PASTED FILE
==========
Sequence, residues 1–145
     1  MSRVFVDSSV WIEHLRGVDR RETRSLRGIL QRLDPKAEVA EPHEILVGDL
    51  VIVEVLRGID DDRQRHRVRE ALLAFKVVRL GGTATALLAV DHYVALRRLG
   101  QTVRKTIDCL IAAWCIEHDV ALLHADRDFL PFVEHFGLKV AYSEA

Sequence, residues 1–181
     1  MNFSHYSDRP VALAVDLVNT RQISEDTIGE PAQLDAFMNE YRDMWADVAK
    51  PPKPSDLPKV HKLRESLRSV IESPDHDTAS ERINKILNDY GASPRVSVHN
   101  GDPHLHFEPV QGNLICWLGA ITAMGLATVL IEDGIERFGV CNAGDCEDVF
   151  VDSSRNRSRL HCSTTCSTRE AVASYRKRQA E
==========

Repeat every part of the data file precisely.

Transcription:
Sequence, residues 1–145
     1  MSRVFVDSSV WIEHLRGVDR RETRSLRGIL QRLDPKAEVA EPHEILVGDL
    51  VIVEVLRGID DDRQRHRVRE ALLAFKVVRL GGTATALLAV DHYVALRRLG
   101  QTVRKTIDCL IAAWCIEHDV ALLHADRDFL PFVEHFGLKV AYSEA

Sequence, residues 1–181
     1  MNFSHYSDRP VALAVDLVNT RQISEDTIGE PAQLDAFMNE YRDMWADVAK
    51  PPKPSDLPKV HKLRESLRSV IESPDHDTAS ERINKILNDY GASPRVSVHN
   101  GDPHLHFEPV QGNLICWLGA ITAMGLATVL IEDGIERFGV CNAGDCEDVF
   151  VDSSRNRSRL HCSTTCSTRE AVASYRKRQA E